Dearly beloved: The grace of God our Saviour hath appeared to all men, instructing us, that, denying ungodliness and worldly desires, we should live soberly and justly and godly in this world, looking for the blessed hope and coming of the glory of the great God and our Saviour Jesus Christ: Who gave Himself for us, that He might redeem us from all iniquity, and might cleanse to Himself a people acceptable, a pursuer of good works. These things speak and exhort: in Christ Jesus our Lord.
Verse 11. For the grace of God, our Saviour, hath appeared to all men. In the Greek: For the saving grace of God, &c. Wi.
Verse 12. We should live soberly, and justly, and piously. S. Jerom puts (as in other places for the same Greek word) chastely, justly, and piously. The words comprehend man’s duty to himself, to his neighbour, and towards God. Wi.
Verse 13. Waiting for the blessed hope; for the happiness of the blessed in heaven, promised and hoped for. — And coming of the glory of the great God, and our Saviour Jesus Christ. The title of great God, says Dr. Wells, is here referred to our Saviour Jesus Christ, by Clem. of Alex. in protreptico, c. vi. He might have added, and by the general consent of the Greek and Latin Fathers. S. Chrys. here cries out: “where are now they who say that the Son is less than the Father?” S. Jerom in like manner: “where is the serpent Arius? where is the snake Eunomius?” And that this title of great God is here given to Jesus Christ, may be shewn from the text itself, especially in the Greek; for the glorious coming, and appearance, in other places of S. Paul, is always used to signify Christ’s coming to judge the world. Secondly, inasmuch as one and the same Greek article falls upon the great God, and our Saviour Christ; so that even M. Simon, in a note on these words, says the construction is, and the coming of Jesus Christ, the great God, our Saviour, and blames Erasmus and Grotius for pretending that this place is not a confutation of the Arians. Wi.
Verse 14. A people, particularly acceptable. S. Jerom translates an egregious or eminent people. He says in the Sept. it corresponds to segula, which signifies a man’s proper possessions, which he has purchased or chosen for himself. Budeus says it signifies what is rare and uncommon; and it is well translated by the Protestants, a particular people. Wi.
804: The Observance of the Commandments, and the Necessity and Possibility thereof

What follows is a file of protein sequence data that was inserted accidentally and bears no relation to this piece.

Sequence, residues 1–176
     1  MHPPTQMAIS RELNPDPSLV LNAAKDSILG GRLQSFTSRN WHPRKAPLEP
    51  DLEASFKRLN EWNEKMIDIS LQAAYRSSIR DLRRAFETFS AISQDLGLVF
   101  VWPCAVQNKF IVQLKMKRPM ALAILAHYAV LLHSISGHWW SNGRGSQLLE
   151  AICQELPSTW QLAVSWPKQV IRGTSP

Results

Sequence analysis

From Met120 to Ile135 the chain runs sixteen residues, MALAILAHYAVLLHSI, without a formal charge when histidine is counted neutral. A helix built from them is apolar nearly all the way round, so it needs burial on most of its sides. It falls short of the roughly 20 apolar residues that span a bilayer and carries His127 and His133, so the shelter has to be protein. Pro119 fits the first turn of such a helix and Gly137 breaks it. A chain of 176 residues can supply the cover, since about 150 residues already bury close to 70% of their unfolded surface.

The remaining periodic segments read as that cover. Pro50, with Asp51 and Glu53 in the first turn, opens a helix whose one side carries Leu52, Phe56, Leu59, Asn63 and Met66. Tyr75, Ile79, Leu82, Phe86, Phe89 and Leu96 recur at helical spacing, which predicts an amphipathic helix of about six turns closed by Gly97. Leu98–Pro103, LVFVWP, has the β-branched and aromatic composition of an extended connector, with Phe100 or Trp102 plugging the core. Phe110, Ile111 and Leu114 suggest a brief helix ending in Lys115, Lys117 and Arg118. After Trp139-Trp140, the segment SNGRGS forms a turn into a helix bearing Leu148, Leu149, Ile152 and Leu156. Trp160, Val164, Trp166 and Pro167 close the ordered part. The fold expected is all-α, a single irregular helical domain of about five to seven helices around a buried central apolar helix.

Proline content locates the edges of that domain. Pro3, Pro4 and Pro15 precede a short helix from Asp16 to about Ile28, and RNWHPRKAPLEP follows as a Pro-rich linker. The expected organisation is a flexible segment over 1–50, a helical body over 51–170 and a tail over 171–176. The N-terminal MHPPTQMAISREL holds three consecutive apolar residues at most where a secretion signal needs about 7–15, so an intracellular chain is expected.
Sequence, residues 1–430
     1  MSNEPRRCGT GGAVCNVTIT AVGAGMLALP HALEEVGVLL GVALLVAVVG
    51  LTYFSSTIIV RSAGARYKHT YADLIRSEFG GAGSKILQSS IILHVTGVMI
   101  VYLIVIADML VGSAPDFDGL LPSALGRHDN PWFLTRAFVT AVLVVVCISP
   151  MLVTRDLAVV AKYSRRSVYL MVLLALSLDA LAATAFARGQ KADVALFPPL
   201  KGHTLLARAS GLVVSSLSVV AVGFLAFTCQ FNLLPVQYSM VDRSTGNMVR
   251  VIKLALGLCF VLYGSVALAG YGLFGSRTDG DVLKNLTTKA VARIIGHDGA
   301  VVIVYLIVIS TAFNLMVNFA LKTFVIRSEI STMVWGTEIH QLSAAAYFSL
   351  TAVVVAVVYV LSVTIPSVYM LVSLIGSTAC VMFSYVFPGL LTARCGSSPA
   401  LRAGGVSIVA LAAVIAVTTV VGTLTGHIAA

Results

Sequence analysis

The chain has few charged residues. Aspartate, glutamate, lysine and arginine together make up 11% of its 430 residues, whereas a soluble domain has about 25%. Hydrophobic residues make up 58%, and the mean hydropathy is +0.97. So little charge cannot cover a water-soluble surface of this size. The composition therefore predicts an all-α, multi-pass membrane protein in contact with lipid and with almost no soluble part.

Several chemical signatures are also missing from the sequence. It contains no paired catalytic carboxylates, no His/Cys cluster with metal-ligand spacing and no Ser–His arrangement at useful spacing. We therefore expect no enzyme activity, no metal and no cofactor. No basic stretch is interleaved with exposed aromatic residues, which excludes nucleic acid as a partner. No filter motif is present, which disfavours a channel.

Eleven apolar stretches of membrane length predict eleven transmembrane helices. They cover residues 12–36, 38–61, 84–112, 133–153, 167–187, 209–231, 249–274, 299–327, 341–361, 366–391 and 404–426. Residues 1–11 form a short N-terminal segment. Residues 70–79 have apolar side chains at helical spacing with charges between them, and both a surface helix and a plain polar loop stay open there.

But no one, however much justified, should consider himself exempt from the observance of the commandments [can. 20]; no one should make use of that rash statement forbidden under an anathema by the Fathers, that the commandments of God are impossible to observe for a man who is justified [can. 18 and 22: cf. n. 200]. “For God does not command impossibilities, but by commanding admonishes you both to do what you can do, and to pray for what you cannot do, and assists you that you may be able”; * “whose commandments are not heavy” [1 John 5:3], “whose yoke is sweet and whose burden is light” [Matt. 11:30]. For they who are the sons of God, love Christ: “but they who love him, (as He Himself testifies) keep his words” [John 14:23], which indeed with the divine help they can do. For although in this mortal life men however holy and just fall at times into at least light and daily sins, which are also called venial [can. 23], they do not for that reason cease to be just. For that word of the just, “Forgive us our trespasses” [Matt. 6:12; cf. n.107], is both humble and true. Thus it follows that the just ought to feel themselves more bound to walk in the way of justice, in that having been now “freed from sin and made servants of God” [Rom. 6:22], “living soberly and justly and piously” [Tit. 2:12], they can proceed onwards through Christ Jesus, through whom they “have access unto this grace” [Rom. 5:2]. For God “does not forsake those who have once been justified by His grace, unless He be first forsaken by them.” * And so no one should flatter himself because of faith alone [can. 9, 19, 20], thinking that by faith alone he is made an heir and will obtain the inheritance, even though he suffer not with Christ “that he may be also glorified” [Rom. 8:17]. For even Christ Himself (as the Apostle says), “whereas he was the Son of God, he learned obedience by the things which he suffered and being made perfect he was made to all who obey him the cause of eternal salvation” [Heb. 5:8 ff.] For this reason the Apostle himself admonishes those justified saying: “Know you not, that they who run in the race, all run indeed, but one receiveth the prize? So run, that you may obtain. I therefore so run, not as at an uncertainty, I so fight, not as one beating the air, but I chastise my body and bring it under subjection, lest perhaps when I have preached to others, I myself should become a castaway” [1 Cor. 9:24ff.]. So also the chief of the Apostles, Peter: “Labor the more, that by good works you may make sure your calling and election; for doing these things, you shall not sin at any time” [2 Pet. 1:10]. Thence it is clear that they are opposed to the teaching of orthodox religion who say that the just man sins at least venially in every good work [can. 25], or (what is more intolerable) that he merits eternal punishments; and that they also who declare that the just sin in all works, if in those works, in order to stimulate their own sloth and to encourage themselves to run in the race, with this (in view), that above all God may be glorified, they have in view also the eternal reward [can. 26, 31], since it is written: “I have inclined my heart to do thy justifications on account of the reward” [Ps. 118:112], and of Moses the Apostle says, that he “looked to the reward” [Heb. 11:26].